PORTLAND, Ore. (TheStreet) -- Here at TheStreet, we try to keep an eye on the National Football League because it is a huge public investment.
It is protected by a federal antitrust exemption. It's a tax-exempt organization with $9.5 billion in revenue, it uses public money to build and refurbish stadiums. It blacks out games broadcast from those stadiums on public airwaves at whim. When it doesn't get what it wants, it threatens to move out of host cities until it's able to extort its asking price from them.
As a league afforded a considerable amount of the public trust, the NFL owes taxpaying fans some accountability for its business practices. The NFL can be a bankrupting negative space in the communities surrounding it, or it can be a positive influence.
In the last couple of weeks, the NFL has proven itself a whole lot more of the latter.
Earlier this week, Arizona Gov. Jan Brewer vetoed a religious freedom bill approved by the state legislature that would have allowed business owners to use their religious beliefs as grounds to deny service to anyone they chose. Beyond the fact that the bill was an outright violation of Title VIII on the 1964 Civil Rights Act -- which specifically prohibits discrimination based on race, color, religion or national origin -- it wasn't exactly a piece of legislation that the NFL was fond of.
The NFL is slated to hold its next Super Bowl at University of Phoenix Stadium in Glendale, Ariz., and was none too pleased to have itself or its sponsors linked to state-sponsored discrimination. Sports Illustrated reported earlier this week that the league was already considering other locations for the 2015 Super Bowl -- estimated to generate at least $500 million in local revenue -- while ESPN discovered that Arizona's Super Bowl host committee went right to Brewer's office to make her aware of the implications of her decision. The possible consequences included not only losing the Super Bowl, but forfeiting its right to host the Pro Bowl in Glendale a week before the big game.
Without voicing any clear stance on the legislation, the NFL made its intentions clear in a statement reminding Arizona of the fact that its "policies emphasize tolerance and inclusiveness, and prohibit discrimination based on age, gender, race, religion, sexual orientation, or any other improper standard.'' It was also a subtle reminder that the NFL isn't afraid to just yank its marquee event away from Arizona when it takes a step backward. The NFL moved its 1993 Super Bowl from Tempe to Pasadena, Calif., after Arizona voted against recognizing a federal holiday honoring Dr. Martin Luther King Jr. in 1990.
The NFL took it a step further by saying it would only give Arizona the 1996 Super Bowl if it changed its mind. The NCAA followed suit and outright rebuffed Arizona's offer to host its men's basketball tournament games. By the time Arizona finally got around to recognizing the holiday in 1992, it had lost roughly $200 million from the Super Bowl alone and millions more in hotel, concert and convention bookings.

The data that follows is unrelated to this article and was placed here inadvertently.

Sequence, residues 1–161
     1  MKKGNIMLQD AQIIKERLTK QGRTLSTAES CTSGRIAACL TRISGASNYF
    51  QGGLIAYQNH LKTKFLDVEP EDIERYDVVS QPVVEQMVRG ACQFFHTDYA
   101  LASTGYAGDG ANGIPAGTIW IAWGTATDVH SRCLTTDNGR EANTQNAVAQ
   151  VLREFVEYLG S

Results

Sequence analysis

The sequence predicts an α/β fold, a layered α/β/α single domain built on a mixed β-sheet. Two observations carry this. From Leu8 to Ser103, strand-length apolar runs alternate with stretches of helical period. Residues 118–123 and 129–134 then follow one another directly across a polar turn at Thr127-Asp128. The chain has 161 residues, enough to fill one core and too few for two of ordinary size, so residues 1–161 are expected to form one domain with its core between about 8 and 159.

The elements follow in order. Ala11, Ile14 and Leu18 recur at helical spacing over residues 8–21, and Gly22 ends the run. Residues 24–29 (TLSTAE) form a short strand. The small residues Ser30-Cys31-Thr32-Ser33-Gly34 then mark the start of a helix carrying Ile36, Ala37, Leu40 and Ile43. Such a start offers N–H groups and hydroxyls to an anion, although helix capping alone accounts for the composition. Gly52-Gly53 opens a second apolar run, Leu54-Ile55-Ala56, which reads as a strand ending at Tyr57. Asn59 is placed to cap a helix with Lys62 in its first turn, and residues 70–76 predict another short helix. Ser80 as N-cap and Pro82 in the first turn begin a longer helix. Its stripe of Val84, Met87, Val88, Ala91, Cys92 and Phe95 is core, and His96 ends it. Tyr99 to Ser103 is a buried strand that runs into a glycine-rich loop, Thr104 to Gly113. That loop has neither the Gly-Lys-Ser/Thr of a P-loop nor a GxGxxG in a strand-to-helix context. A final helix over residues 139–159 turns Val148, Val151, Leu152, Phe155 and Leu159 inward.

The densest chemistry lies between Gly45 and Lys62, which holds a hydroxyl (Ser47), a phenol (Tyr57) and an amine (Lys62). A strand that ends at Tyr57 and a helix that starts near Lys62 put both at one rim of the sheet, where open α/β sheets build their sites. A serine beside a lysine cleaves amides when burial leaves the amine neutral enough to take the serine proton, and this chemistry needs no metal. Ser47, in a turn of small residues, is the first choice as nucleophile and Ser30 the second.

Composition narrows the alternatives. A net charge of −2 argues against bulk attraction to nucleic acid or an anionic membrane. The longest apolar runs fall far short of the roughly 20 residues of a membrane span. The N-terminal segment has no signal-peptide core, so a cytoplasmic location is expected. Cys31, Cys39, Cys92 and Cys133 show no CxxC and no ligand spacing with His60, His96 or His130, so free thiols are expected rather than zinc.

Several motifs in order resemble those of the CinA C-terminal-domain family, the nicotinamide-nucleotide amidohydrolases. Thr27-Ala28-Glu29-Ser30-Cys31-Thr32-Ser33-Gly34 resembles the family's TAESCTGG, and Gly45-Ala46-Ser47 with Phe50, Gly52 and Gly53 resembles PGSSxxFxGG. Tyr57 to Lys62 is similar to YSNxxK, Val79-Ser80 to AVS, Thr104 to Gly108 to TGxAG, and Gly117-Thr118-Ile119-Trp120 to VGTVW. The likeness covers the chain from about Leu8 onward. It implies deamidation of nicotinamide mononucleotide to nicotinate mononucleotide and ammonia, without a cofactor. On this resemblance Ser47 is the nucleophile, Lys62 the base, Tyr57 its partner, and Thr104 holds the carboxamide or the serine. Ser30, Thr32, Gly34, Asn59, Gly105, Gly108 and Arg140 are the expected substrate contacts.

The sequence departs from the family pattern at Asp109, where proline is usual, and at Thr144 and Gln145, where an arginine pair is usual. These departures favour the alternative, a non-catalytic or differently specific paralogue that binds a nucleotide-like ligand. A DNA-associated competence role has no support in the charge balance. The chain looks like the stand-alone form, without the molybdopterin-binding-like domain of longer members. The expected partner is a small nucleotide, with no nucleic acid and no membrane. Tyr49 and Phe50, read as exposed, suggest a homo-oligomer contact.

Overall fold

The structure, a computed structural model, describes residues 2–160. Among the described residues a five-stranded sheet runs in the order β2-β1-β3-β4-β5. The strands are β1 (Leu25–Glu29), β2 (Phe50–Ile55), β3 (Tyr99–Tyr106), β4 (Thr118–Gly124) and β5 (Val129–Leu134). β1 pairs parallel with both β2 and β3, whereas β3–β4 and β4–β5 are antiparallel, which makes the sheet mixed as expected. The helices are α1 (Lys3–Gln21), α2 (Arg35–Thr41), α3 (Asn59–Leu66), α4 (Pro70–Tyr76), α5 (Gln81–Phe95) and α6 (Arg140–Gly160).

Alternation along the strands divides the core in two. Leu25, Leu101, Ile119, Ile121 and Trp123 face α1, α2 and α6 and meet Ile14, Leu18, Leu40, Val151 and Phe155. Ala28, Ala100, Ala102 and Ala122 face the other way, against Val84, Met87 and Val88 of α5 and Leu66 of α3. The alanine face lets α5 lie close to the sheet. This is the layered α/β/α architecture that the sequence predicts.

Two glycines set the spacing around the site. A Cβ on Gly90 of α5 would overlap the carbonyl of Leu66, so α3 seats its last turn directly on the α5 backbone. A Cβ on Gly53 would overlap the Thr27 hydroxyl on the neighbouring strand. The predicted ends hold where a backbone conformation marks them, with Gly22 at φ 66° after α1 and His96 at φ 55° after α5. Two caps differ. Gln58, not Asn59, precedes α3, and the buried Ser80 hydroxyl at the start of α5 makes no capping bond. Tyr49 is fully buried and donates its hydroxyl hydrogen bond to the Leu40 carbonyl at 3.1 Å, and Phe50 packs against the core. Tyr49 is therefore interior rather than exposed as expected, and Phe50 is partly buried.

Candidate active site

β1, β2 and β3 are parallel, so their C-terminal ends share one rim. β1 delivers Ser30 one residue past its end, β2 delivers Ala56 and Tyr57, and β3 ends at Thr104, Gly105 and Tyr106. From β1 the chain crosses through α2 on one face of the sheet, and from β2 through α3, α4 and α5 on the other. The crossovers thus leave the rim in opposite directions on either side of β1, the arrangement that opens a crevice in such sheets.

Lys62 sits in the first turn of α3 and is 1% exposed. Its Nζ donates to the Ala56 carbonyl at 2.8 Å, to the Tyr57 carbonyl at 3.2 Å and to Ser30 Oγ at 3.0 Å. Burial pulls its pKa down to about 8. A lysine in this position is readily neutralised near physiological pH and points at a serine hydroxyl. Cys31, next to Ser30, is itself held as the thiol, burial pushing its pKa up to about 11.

It's a hard-line stance that the NFL has been trying to take publicly with a bit more consistency. After the University of Missouri's All-American defensive end Michael Sam told ESPN's Outside The Lines earlier this month that he is gay, NFL Commissioner Roger Goodell followed up mixed reaction from NFL executives and positive response from current and former NFL players with a more definitive statement from the league.
"Good for him," Goodell said, via NFL spokesman Greg Aiello's Twitter page. "He's proud of who he is and had the courage to say it. Now he wants to play football. We have a policy prohibiting discrimination based on sexual orientation. We will have further training and make sure that everyone understands our commitment. We truly believe in diversity and this is an opportunity to demonstrate it."
It isn't a flawless approach -- former NFL punter Chris Kluwe is considering legal action against the Minnesota Vikings for a string of anti-gay remarks he accused a coach of making during his time punting for the team -- but they're huge steps in the right direction. As is a new rule that the NFL is considering that would impose of 15-yard penalty on any player who uses the N-word during a game.
Though a decision won't be made until march, the rule could extend to other types of slurs -- as Chris Bosh of the National Basketball Association's Miami Heat has suggested -- but it falls on the tougher side of penalties issued for such an infraction in any sport. FIFA's fine-and-scold approach to racial slurs in soccer has been deemed so inadequate that players being repeatedly harassed by both other players and fans have taken to simply walking off the field. The National Hockey League's rulebook states in plain language that racial taunts and slurs can result in a game misconduct penalty that takes a player off the ice for the rest of the game and usually results in a fine or suspension.
The NFL is still a flawed league with lots of unresolved issues related to financing and its obligation to taxpayers who fund its operations. That said, its stance on social issues including player bounties, locker-room bullying, race relations and equal opportunity are not only good business, but good citizenship.
-- Written by Jason Notte in Portland, Ore.
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